Word Count: 1,016
None of us got a lot of sleep that night. We were all too wired up from what had just happened. Even Cancer didn’t sleep that well, his shouts were what woke me up throughout the night. Rayn was there, telling him everything was okay and it was a little strange to watch the one guy in our small little group who was hardened the most inside, break down.
It reminded me that we were all human.
When the first cracks of dawn appeared through the windows, we packed everything up and continued our journey. By now we were somewhere called ‘Forrest City’ which, on the map, told me that was in Arkansas. I was taking the road trip from hell, travelling halfway across America, seeing places I’d never seen before. It was a shame the world had disintegrated so badly that I couldn’t appreciate the sights around me.
I tried to revel in what I was seeing but it was like death was following us everywhere. Even if there weren’t bodies lying in the streets, you could tell that the apocalypse hadn’t left the Earth untouched. Though there were large tell-tale indications that the human population was dwindling, there was also the smaller things too. I saw a couple of notices pinned up on lampposts and telephone poles about a missing person, dated just one day after the first news report. They weren’t ever going to be found and the chances were that if they had been found, they hadn’t made it.
I saw a broken Frisbee sitting in someone’s front garden and noticed how the grass seemed longer. Nobody would be mowing it anytime soon. Doors hung open; the insides were trashed from what I could see. There was the occasional house that was boarded up to the point where it looked completely impenetrable and I even spotted a big, handmade sign with words painted in black: SURVIVORS INSIDE. SEND HELP IMMEDIATELY. My conscience immediately told me that we should help them but I knew after past experiences they were either already dead, or it was a trap. I shook my head. No help would be coming, my friend. It’s a dog-eat-dog world now and survival of the fittest.
Mind you, if it was really down to survival of the fittest I would have died a long time ago. Before this I didn’t like violence, had never touched a gun in my life before and relied solely on my parents. I still didn’t like violence but I was beginning to get accustomed to it.
I must have fallen asleep at some point because the next thing I knew we were approaching Memphis. We must have stopped off for petrol at some point. Or, as the Americans called it, gas. That was another thing about travelling with people from an entirely different continent: getting used to the lexis they used. I’d say path, they said sidewalk, I pronounced it ‘Mum’ they pronounced it ‘Mom’. I didn’t think linguistics mattered in this world anymore but it was still a little disorientating at times. It made me feel even more of an outsider to this country.
Once we were out of Memphis trouble-free, I began looking out for signs of Atlanta. I didn’t know how far away we were but I can tell you one thing: this journey was one of the longest, hardest, most hectic things that had ever happened to either of us, I was sure of it. Atlanta was so far away. Still, with each mile that we put behind us was another mile closer to what we hoped was permanent sanctuary and some god damn answers.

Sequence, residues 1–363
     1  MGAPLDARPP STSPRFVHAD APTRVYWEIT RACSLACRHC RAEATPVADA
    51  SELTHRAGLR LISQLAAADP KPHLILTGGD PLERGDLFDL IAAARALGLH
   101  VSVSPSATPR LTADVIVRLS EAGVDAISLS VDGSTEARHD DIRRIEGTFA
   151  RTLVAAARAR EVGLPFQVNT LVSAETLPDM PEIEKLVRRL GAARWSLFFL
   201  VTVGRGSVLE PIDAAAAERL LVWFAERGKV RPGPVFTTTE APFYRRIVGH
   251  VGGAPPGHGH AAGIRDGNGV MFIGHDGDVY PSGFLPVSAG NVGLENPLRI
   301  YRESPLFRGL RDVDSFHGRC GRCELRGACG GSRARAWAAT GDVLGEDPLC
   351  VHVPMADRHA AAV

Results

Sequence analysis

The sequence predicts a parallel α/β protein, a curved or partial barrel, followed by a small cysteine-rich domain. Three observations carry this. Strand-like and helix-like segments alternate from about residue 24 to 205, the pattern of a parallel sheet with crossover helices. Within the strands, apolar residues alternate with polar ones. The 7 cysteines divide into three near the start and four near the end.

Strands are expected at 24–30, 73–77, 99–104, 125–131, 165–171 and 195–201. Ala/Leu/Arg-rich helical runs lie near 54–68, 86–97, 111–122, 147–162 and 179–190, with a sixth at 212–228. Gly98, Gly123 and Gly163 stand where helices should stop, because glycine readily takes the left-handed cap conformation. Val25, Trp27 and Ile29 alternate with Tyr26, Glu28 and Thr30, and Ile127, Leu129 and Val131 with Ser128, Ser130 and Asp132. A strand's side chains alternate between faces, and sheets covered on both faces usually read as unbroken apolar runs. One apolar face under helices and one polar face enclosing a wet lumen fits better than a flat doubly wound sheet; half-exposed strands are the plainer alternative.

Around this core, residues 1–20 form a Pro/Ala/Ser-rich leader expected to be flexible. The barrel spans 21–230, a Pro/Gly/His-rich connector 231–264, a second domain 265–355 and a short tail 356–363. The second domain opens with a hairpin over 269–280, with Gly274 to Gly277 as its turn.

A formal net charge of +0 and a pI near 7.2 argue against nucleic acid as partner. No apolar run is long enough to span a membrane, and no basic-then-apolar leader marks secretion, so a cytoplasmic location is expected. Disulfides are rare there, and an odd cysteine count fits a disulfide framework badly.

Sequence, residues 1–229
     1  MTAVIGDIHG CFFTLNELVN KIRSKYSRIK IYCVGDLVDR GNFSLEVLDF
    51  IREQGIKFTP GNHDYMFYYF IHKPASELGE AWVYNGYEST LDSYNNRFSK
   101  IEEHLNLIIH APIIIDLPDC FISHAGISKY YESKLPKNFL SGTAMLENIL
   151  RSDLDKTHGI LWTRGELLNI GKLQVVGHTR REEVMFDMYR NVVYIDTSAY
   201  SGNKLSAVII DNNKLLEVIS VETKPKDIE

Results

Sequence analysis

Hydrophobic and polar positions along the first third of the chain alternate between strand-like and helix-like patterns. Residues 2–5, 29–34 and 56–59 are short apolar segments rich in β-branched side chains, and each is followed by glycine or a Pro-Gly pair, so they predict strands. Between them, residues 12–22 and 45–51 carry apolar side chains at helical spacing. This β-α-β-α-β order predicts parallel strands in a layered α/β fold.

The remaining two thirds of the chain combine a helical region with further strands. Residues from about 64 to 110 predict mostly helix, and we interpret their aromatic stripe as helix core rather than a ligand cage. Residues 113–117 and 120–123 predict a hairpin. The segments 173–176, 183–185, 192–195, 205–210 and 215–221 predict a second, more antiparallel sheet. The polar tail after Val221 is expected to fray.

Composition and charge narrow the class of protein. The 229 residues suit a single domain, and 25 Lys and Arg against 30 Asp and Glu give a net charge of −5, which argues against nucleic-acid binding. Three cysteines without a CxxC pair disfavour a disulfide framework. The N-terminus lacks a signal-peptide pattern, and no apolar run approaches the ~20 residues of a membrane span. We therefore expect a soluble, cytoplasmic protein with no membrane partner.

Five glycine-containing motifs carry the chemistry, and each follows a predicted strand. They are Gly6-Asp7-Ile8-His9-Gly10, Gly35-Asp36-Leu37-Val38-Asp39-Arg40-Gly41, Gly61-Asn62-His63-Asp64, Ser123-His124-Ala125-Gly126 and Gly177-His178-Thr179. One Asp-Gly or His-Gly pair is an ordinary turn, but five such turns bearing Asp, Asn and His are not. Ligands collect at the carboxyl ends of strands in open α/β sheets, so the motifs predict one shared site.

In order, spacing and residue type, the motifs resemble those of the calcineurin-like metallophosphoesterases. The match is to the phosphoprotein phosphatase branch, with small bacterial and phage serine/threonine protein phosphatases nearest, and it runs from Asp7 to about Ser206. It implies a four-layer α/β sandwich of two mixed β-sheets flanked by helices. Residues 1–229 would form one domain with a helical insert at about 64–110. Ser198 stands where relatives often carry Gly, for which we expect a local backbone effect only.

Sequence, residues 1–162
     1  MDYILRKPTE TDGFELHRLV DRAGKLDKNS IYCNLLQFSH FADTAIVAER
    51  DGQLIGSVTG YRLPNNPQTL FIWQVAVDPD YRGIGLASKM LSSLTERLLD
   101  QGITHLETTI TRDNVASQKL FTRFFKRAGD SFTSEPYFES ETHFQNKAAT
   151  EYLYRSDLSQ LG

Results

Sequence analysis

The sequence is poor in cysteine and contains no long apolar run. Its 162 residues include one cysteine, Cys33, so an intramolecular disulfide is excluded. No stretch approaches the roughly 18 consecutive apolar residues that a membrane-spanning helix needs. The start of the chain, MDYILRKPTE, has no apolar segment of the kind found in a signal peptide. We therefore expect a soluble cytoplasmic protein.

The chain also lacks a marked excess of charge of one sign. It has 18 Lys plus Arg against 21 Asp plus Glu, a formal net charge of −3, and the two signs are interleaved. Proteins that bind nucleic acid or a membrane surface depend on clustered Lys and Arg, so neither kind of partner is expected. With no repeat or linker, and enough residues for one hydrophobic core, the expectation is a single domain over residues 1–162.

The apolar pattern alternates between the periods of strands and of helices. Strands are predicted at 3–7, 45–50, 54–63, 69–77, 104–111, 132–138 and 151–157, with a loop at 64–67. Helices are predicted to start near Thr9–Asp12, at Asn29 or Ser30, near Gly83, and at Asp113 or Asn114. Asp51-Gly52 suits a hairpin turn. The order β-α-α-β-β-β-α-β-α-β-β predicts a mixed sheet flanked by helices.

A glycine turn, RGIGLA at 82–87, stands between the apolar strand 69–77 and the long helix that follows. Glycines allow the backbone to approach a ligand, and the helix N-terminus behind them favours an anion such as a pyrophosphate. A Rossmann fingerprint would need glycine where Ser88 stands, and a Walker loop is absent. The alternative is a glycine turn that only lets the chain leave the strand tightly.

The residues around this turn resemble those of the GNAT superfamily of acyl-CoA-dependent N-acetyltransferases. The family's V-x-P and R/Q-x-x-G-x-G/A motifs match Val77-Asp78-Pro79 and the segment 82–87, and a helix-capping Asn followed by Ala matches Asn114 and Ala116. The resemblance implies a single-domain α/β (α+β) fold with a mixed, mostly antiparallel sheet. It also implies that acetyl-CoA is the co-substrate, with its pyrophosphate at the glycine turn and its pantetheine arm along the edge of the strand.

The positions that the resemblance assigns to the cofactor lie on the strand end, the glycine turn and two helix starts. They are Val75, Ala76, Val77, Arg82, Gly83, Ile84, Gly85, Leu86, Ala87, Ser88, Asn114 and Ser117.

The car jerked to a stop, rolled for a few centimetres then rested neatly on the side of the road.
‘Fuck,’ Rayn shouted. ‘We’re out of gas.’
I spotted a massive green sign and read it out loud. ‘”Wolfchase Farms”. Is that near Atlanta?’
Rayn pulled the map out of the glove box. ‘We’re less than four hundred miles away.’
It was closer than I thought, I’ll admit that. I opened the car door, already knowing what we had to do. To confirm, I said: ‘I take it we’re gonna have to walk to find some petrol.’
Rayn looked confused for a split second before nodding. ‘Yeah. One of us will have to stay here with the car. It looks pretty deserted.’
I was already out on the concrete before he had finished his sentence. ‘I vote not me.’
Let’s face it, if I was left with the car I’d wind up dead, our belongings would be stolen and the world would carry on spinning with one less ginger British child messing up every time he tried to defend himself. I went round to the back of the car and pulled out a plastic petrol can. After rethinking, I got another one. It made more sense to get as much as we could.
‘I’ll stay,’ Rayn said. ‘You and Cancer can go.’
Cancer grabbed a handful of petrol cans and turned to face Rayn. ‘Stay safe.’
Rayn nodded once and Cancer was off, already striding down the road. I jogged a little to keep up with him. For a long time, neither of us said anything. We walked in silence, always looking out for danger around us. This part of wherever the hell we were was desolate, just empty windows and empty gardens. Anything could be lurking behind those doors though. I clutched my gun a little tighter.
After some time of silence I was the first to speak. ‘Are you okay?’
Cancer looked a little surprised that I had spoken and didn’t seem to understand my words either. ‘Yeah, I’m fine. You?’
I simply nodded and we lapsed back into total silence. He obviously didn’t want to talk about the lab or those weird nurses and soldiers that kept him hostage and for now I was fine to let him remain quiet about it. I hoped that it wouldn’t take its toll though, that he’d snap at some point because he’d let things get bottled up.